and our other international partners can produce on Saddam," analyst Dan
Plesch of the Royal United Services Institute said on Channel Four news.
However, a British government spokesman maintained that the report was
accurate and said the government had never claimed all the material was
from its spies.
"We consider the text as published to be accurate," he said.
"As the report itself makes clear, it was drawn from a number of sources,
including intelligence material. It does not identify or credit any
sources, but nor does it claim any exclusivity of authorship."
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03) Government plagiarised Iraq data
7 Feb 02
Number 10 has been accused of "scandalously" plagiarising data from 1991
for use in its latest dossier of evidence against Saddam Hussein.
On Monday, the Government released a 19-page intelligence document designed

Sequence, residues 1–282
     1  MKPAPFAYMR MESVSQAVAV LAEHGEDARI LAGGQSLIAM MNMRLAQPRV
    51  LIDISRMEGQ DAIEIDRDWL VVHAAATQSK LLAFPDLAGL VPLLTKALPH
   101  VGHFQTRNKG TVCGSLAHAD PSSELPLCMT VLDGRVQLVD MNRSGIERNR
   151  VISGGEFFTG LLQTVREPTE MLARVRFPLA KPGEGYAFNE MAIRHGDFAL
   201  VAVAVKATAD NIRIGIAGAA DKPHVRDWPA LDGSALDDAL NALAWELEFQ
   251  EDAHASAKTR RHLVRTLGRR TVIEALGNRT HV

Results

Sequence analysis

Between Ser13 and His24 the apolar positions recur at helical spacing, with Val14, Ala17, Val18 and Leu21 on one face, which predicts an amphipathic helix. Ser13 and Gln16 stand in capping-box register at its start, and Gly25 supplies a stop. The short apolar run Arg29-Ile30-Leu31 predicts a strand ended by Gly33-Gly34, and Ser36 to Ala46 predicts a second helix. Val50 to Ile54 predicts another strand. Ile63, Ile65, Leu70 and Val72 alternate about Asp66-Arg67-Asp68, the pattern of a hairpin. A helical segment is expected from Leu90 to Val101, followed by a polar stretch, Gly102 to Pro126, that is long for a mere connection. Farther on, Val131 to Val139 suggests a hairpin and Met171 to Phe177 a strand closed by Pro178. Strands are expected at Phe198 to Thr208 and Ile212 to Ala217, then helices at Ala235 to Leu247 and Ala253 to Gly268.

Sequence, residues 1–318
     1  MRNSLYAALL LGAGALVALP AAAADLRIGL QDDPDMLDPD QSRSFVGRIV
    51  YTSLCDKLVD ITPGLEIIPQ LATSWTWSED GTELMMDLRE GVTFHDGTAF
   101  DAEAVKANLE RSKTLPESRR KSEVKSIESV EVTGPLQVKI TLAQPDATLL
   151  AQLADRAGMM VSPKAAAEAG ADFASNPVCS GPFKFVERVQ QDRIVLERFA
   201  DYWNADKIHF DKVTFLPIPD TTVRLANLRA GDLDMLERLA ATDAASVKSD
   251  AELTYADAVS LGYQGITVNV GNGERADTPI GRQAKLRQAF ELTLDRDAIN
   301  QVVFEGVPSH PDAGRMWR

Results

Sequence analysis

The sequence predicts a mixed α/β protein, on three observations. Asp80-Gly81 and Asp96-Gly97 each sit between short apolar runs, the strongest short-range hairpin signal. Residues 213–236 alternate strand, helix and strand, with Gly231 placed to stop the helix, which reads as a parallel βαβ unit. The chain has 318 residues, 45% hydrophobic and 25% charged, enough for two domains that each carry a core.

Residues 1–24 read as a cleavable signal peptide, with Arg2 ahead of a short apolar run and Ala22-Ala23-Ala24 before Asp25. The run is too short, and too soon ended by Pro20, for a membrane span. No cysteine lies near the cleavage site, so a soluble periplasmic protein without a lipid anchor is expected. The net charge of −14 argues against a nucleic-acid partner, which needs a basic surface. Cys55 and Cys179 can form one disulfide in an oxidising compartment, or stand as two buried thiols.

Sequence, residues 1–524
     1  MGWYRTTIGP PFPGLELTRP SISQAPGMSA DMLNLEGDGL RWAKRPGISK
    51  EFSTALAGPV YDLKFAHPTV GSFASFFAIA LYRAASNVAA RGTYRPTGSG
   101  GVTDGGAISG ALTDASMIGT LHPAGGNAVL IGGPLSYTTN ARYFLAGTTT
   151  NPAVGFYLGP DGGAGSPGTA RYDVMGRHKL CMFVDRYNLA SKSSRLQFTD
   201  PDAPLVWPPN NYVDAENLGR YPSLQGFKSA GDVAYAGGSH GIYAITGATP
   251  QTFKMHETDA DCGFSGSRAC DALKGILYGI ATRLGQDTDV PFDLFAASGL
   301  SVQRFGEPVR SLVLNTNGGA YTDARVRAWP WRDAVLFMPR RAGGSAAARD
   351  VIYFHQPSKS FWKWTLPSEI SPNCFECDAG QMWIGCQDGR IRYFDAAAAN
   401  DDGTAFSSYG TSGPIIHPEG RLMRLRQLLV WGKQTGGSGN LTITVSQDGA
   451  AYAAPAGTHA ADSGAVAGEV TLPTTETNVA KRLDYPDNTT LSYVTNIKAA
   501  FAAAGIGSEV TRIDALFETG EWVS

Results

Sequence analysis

to help win over sceptics by detailing Iraq's alleged efforts to hide its
weapons of mass destruction.
However, Channel 4 News has claimed the document - hailed by Colin Powell
at the UN yesterday - was mostly copied from three different articles - one
of them allegedly written by a postgraduate student.
The article's original author is Ibrahim al-Marashi, from Monterey,
California, the programme said. He was researching documents relating to
the build-up to the 1991 Gulf War and not to the current situation, it was
Channel 4 News reported that Glen Rangwala, an academic at Cambridge
University, spotted that large chunks of the student's paper had been
copied to form parts of the No 10 dossier called Iraq - Its Infrastructure
of Concealment Deception and Intimidation.
The programme said one six-paragraph section of the Downing Street document
that detailed Saddam's special security organisation had been lifted from
the student's article.
Channel 4 News' website detailed the alleged plagiarism: "No 10 says the